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The Ancient Fishing Secrets Are Still Here Today


Expert Article By: Willie Jones


Fishing has been a part of our survival for as long as recorded history and probably much longer. Ancient cave paintings from 10,000 years ago depict fishing along with fish bone remains and animal bone hooks. Even ancient stone anchors are currently being displayed in museums.

Everywhere on this planet, what ever culture, each has its own history in fishing and techniques, most of which are still used today. In fact, almost all ancient cultures have used boats, hooks, nets and spears of some kind.

The ancient Romans used rods and lines, nets and spears. The ancient Greeks used rods and woven baskets and woven cages that stay under water where caught fish are kept alive until they are needed.

Some cultures have been more creative than others and have very interesting techniques such as the night fishing in Japan. It is called cormorant fishing. It requires 7 to 8 cormorant birds that have handlers to train them. Once trained, they go out at night on a long narrow boat that has a long rod in front of it with a hanging basket that is in flames, the birds are each on a leash and are trained to dive down and catch fish, which they are experts in. This technique is still being practiced today and if you are for any reason going to Japan, you may want to sign up to see this phenomenon.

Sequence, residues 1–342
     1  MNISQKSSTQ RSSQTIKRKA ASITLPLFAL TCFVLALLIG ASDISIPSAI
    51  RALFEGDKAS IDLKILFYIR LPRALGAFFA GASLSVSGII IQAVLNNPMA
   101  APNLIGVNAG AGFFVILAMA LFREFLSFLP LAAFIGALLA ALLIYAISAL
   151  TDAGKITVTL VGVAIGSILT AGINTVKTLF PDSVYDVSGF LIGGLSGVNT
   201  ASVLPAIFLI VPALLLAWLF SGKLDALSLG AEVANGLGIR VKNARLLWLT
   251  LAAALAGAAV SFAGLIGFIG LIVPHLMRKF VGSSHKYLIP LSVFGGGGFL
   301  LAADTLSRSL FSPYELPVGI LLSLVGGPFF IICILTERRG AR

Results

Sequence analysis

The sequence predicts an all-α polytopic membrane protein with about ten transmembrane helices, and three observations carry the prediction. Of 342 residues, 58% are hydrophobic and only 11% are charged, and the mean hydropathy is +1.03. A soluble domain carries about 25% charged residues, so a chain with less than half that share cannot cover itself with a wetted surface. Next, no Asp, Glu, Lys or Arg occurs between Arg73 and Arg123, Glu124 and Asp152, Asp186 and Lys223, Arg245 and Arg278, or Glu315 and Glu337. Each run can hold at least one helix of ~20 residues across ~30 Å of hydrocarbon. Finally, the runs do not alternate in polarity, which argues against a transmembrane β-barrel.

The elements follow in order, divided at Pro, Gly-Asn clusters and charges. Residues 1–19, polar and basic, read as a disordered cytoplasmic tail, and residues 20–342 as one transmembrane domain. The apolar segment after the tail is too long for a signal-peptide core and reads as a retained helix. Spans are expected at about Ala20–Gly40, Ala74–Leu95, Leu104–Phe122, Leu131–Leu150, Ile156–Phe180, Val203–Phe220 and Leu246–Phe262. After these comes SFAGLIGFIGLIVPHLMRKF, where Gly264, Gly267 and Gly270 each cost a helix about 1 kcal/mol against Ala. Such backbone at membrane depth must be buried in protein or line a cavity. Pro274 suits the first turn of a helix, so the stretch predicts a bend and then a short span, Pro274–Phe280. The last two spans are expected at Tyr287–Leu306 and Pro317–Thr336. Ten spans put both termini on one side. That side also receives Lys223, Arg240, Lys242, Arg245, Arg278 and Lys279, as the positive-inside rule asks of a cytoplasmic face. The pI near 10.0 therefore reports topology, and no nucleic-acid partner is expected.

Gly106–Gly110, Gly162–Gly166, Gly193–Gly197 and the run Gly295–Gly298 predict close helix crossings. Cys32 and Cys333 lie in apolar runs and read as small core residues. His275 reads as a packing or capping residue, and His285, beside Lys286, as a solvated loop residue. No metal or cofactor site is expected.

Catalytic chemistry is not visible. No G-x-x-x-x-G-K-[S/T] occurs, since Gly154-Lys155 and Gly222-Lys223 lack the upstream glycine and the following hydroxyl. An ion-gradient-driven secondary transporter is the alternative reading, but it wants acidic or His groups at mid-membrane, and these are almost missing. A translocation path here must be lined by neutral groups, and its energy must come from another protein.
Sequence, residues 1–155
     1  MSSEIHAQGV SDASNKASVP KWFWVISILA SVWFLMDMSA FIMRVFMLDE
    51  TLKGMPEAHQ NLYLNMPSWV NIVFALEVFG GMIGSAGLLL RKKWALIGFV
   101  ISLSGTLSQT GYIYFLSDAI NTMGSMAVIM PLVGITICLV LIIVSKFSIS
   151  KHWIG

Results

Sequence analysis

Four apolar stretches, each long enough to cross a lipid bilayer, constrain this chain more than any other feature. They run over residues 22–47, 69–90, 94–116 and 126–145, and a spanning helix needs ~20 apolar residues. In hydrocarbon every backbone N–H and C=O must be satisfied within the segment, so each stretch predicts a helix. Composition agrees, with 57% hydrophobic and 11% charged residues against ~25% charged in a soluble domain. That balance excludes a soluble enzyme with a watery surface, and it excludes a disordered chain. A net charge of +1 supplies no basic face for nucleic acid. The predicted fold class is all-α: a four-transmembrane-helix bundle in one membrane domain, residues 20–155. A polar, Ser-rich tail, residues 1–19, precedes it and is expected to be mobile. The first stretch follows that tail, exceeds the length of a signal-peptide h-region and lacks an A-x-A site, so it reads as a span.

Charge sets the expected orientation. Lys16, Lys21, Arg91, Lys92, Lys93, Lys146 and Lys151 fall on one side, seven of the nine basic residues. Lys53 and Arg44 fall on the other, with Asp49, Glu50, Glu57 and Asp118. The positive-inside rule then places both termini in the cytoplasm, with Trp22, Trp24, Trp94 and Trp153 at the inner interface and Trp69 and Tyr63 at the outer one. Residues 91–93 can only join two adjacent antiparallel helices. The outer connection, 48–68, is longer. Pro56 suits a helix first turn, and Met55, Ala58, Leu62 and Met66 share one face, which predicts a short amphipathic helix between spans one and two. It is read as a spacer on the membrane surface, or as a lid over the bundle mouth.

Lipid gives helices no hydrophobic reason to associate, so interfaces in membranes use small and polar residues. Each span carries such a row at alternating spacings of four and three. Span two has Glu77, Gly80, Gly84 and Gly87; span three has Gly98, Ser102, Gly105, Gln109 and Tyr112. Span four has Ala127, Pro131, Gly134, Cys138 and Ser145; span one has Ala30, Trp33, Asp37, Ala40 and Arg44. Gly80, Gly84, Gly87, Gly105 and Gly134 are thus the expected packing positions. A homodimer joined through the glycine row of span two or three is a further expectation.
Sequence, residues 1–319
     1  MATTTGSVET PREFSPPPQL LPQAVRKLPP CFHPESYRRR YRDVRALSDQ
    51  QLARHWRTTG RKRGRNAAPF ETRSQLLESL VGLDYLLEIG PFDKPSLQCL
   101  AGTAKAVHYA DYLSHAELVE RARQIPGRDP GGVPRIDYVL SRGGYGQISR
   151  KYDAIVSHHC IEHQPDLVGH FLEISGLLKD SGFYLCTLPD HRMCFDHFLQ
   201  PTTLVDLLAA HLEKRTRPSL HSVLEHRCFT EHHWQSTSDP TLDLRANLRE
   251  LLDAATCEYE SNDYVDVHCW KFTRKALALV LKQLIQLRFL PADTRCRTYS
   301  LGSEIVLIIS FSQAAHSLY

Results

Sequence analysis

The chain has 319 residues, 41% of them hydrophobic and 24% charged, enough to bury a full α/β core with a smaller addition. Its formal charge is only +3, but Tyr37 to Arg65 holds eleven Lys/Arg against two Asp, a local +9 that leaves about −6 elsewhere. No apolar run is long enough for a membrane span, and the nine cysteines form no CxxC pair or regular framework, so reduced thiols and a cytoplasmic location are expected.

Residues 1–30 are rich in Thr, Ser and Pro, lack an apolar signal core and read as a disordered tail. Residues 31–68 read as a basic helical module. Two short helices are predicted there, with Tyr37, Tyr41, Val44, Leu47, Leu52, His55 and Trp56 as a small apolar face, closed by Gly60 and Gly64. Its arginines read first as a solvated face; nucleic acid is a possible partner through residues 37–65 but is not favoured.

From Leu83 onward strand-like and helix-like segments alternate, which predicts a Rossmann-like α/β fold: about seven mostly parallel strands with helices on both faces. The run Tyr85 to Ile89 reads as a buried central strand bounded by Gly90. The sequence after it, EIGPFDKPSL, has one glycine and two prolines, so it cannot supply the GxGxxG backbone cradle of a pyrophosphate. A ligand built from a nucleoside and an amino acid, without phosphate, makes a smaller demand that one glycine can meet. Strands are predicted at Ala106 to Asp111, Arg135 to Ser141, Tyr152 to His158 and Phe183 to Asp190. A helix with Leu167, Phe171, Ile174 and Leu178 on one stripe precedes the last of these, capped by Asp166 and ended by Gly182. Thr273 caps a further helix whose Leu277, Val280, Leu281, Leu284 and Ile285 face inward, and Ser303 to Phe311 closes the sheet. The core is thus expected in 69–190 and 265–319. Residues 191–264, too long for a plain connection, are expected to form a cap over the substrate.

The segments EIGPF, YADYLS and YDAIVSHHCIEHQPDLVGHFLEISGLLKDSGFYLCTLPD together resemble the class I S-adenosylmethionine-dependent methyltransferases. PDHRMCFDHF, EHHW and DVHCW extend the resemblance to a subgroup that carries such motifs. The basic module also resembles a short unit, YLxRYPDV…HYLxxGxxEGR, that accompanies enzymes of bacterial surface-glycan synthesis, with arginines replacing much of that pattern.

In the Columbian basin, ancient tribal salmon fishers have past down a fishing technique that is still being practiced today. Tribal families for many generations have built wooden scaffolding that is very strong and stable that spans the river. This enables them to drop the nets that capture many salmon at one time. In the smaller rivers of the basin, dip nets are used because you can control them better. These nets historically have been made with hemp twine, sinew and tree pitch. These nets have a long pole attached to them and one stands in the water and scoops up the fish.

In medieval Europe, V shaped structures were built to herd fish into waiting nets.

Some cultures have used poisonous plants to stun fish so that it is easy to catch them. This is a dangerous practice and has been made illegal to fish this way due to the obvious safety issues. One does not want to risk eating a fish that has been poisoned.

Fishing today is not only for survival but is a huge sport all over the world. But when you really look at it, not much has really changed in how we fish. The major difference really is in the advancements made in hooks and nets.

How ever you fish, may the ones you catch be as big as the ones that got away.

About The Author

Willie Jones is a freelance writer, researcher, floral designer, and artist, for Art Inspires, Inc. Make sure you enroll in the free motivational poster drawing at http://www.artinspires.com





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